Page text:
"The bus was late arriving in Fort Dodge. 'We were worried,' says Dick Derrig, an assistant manager at the Laramar Ballroom.

"Bob Geer, fifteen-year-old son of Laramar owner Larry Geer, remembers the group's arrival. 'They had a bus that smelled bad. I'm sure it was no fun traveling on.' "

Here is a link to photos of Holly's appearance in Fort Dodge.

The Change of Seasons at Brushy

Two weeks ago Bruce Stottrup traveled to Brushy Creek to give us a look at winter's last grip. He returned this past weekend along with his dog, Sophia, and as you can see, spring is starting to take hold.

Monday, April 14, 2008

Fort Dodge in Postcards

Not sure of the year, but check out the trolley tracks running down Central Avenue. This is looking west. Our best guess is the early 1900s.
This is Central Avenue looking east. Again, early 1900s. These postcards, along with many others, are available on eBay. We thank Bruce Stottrup for finding this resource.
Here is a bustling Central Avenue at night in 1923. You can click any of these images for an enlarged view.
This is a 1909 postcard of the C.G.W. RY. Viaduct running across the Des Moines River valley.
The Wahkonsa Hotel in the 1920s.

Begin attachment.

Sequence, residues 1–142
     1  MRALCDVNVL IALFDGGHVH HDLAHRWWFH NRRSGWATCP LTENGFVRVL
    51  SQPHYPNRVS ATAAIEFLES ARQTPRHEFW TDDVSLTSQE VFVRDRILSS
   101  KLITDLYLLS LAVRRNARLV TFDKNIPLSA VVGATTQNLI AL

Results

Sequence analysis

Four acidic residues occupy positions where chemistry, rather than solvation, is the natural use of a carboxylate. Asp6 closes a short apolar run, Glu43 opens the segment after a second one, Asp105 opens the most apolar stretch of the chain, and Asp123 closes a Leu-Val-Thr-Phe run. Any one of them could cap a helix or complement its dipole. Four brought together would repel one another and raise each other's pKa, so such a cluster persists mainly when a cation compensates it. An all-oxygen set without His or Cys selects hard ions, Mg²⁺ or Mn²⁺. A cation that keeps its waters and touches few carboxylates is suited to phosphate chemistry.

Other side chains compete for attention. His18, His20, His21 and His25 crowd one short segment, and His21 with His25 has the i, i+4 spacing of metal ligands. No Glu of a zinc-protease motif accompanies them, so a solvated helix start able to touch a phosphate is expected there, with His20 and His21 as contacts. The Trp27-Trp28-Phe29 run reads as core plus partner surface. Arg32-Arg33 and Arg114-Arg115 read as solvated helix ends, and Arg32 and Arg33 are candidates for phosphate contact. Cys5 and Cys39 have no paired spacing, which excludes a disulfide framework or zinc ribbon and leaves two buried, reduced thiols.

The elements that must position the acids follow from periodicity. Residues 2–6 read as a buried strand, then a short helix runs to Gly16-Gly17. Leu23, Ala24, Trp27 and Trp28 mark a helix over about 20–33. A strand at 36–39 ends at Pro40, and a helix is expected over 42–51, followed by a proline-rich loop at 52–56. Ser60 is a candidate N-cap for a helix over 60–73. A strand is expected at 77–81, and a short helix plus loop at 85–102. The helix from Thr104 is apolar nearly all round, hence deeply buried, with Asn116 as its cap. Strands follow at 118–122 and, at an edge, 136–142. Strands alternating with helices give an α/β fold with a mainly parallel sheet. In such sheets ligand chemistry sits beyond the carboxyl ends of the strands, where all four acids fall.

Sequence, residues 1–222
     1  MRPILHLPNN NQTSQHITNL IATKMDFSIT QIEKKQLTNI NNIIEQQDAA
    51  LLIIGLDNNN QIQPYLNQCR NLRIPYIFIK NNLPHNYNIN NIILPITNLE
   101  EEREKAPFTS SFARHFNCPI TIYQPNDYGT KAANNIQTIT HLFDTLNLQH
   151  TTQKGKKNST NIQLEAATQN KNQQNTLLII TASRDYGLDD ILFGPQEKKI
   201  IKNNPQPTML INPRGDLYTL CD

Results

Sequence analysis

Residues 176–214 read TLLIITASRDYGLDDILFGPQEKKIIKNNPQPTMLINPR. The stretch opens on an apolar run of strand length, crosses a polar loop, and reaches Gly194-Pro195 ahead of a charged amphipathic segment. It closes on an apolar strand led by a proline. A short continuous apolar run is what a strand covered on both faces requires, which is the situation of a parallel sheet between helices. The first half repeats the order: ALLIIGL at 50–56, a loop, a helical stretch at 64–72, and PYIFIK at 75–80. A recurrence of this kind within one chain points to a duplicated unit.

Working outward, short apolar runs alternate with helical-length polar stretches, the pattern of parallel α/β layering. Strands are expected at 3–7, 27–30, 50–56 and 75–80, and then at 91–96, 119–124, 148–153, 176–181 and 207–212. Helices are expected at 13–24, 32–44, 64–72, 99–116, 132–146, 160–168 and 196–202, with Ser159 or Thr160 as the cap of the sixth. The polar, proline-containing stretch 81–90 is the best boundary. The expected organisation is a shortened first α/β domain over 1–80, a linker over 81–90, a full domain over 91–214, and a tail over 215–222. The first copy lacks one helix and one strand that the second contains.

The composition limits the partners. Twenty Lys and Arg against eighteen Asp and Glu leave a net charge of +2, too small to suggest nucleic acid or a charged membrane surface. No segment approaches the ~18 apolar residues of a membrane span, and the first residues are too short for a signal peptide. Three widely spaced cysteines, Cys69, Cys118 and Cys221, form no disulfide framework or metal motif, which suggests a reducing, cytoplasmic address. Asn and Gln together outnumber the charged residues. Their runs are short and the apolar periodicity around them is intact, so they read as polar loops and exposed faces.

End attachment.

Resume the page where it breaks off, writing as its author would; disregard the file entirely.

The Des Moines River, south of the viaduct, in 1907.
The Wagon Bridge, which has has since been torn down. No date given, but our guess is the 1920s.
This is the Y.M.C.A. from a card postmarked in 1923. This would appear to be the old library building on First Avenue North.
An aerial view of the city. This is dated somewhere between 1930 and 1950.

Tuesday, April 8, 2008

From Winter to Spring at Brushy Creek

The calendar says spring, but winter still has a grip on Northwest Iowa. Bruce Stottrup sent us these photos taken on Sunday, April 6, at Brushy Creek Recreation Area southeast of Fort Dodge.

As you can see, the ice is off the lake and birds are plentiful, but the spring foliage has yet to return. That should change in the next couple of weeks.